Bibi’s Taxes–Value Subtracted

Haim Watzman

Gershom and I had an argument back in 1996, when Binyamin Netanyahu was elected to his first term as prime minister. Gershom claimed that Bibi was, at core, a radical right-wing ideologue, whereas I argued that he was an opportunistic hack.

In that term, Bibi went on to prove himself a devout Republican-style capitalist on the economic front and a territorial maximalist on the diplomatic front. But, in the wake of the government’s approval of the national budget yesterday, I think I might win the argument this time around. Over the past week, Bibi has swayed, bent, and ended up breaking most of his principles. The result is a budget that is a mishmash. It’s not the tax-cutting, small-government budget he promised, nor is it an Obama-style Keynesian economic recovery budget. It’s the worst of both.

One of its weirdest provisions is the hike of one percent in the value added tax, to 16.5 percent, and the decision to levy the tax, for the first time ever, on fresh produce. No one likes tax hikes, nor do people like filing their tax returns for the year. Luckily, software exists to help people do this and you may even find TurboTax deals online too. If you are running a business, you may want to try professional tax services similar to those from somewhere like Dave Burton, that may be able to provide you with a tax accountant nyc who might be able to help manage or sort the taxes for your business.

With Israel, like the rest of the world, facing recession, national economic policy needs to encourage consumption. Raising this consumption tax does the opposite. Goods and services will cost more, and people will buy less. Economic activity will slow, jobs will be lost, and people will buy even less.

Furthermore, the VAT is a regressive tax. It’s paid by all Israelis, and since the poor and middle class (this includes the authors of the South Jerusalem blog) spend nearly all their income and have little to save, they pay a higher proportion of their income in VAT than do rich people. Imposing it on basic goods like produce makes it even more regressive.

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The Cream of the Drop: Shamenet as an Economic Indicator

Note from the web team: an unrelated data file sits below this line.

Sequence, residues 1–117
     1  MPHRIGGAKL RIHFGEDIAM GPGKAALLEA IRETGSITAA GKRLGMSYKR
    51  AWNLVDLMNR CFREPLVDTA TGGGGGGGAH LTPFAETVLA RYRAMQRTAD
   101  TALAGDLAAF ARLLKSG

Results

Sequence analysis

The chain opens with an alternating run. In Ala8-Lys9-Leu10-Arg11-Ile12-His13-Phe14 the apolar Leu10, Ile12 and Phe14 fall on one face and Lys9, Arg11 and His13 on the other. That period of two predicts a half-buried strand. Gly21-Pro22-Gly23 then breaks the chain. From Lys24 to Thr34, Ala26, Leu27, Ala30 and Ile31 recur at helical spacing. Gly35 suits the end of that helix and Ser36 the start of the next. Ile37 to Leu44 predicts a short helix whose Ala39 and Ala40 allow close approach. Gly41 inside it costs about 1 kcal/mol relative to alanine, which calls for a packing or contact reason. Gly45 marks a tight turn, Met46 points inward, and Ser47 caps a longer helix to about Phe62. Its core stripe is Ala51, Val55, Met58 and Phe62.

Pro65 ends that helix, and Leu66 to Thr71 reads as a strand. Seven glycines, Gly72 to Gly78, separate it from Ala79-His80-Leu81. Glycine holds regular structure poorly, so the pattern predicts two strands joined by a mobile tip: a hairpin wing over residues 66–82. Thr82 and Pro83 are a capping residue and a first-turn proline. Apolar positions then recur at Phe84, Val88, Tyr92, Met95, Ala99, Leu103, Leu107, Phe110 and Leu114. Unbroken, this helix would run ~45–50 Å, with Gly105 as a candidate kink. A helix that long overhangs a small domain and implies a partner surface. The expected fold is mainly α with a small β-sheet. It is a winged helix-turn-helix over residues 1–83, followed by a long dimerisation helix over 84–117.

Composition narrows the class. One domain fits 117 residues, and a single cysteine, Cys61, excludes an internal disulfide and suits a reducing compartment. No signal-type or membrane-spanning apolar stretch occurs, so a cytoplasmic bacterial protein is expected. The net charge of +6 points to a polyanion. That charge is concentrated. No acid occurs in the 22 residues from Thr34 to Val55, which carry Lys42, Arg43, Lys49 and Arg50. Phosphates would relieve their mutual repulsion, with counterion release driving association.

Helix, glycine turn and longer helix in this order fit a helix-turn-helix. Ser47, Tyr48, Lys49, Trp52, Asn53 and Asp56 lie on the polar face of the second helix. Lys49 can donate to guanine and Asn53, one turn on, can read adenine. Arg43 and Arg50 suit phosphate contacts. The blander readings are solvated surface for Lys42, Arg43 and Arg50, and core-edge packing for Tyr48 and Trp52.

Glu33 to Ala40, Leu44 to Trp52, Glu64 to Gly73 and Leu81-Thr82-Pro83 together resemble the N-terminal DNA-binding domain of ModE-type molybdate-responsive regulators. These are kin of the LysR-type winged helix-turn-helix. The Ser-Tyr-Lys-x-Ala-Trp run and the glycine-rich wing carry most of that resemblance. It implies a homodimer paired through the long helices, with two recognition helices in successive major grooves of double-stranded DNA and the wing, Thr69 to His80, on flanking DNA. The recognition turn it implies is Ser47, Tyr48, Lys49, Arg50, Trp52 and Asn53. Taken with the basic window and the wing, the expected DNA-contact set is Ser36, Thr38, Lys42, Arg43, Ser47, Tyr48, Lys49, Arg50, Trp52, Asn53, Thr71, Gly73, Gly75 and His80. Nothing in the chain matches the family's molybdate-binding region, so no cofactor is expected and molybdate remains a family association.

Haim Watzman

Shamenet 055Forget economic indicators, price indexes, and production figures. Here’s the most salient sign that Israel’s economy is plunging from exuberance into recession: today’s issue of Shamenet (in English the name would be Cream), Ha’aretz’s monthly supplement for conspicuous consumers, runs only 66 pages rather than the usual 80-100. But don’t be depressed—an economy where Shamenet is reduced to skim milk is just what Israel needs.

Once a month I pick up my copy of Ha’aretz from my doorstep and this heavy, glossy magazine falls out. There’s never anything in it for a guy with my limited line of credit, but I leaf through it as an anthropological exercise. What can I discern about the lives of Israel’s top socioeconomic decile from the ads for imported organic Provencal deodorants, diamond-inlaid watches, and high art auction houses? Here I can discover what the simple folk of the garden suburbs north of Tel Aviv do. What they do, it seems, is agonize over what brandy to display in the glass-fronted liquor cabinets in living rooms into which my entire apartment could comfortably fit.

It’s clear this month that times are tough. The article about choosing the right brandy focuses, gasp, on domestic brands. “Herod’s Palace Will Always Be In Fashion,” proclaims the headline over an interview with one of the owners of the swankiest hotel in Eilat. The article reassures us that we need not be embarrassed to show our face there; after all, even Bernie Madoff won’t be making it to San Remo this season.

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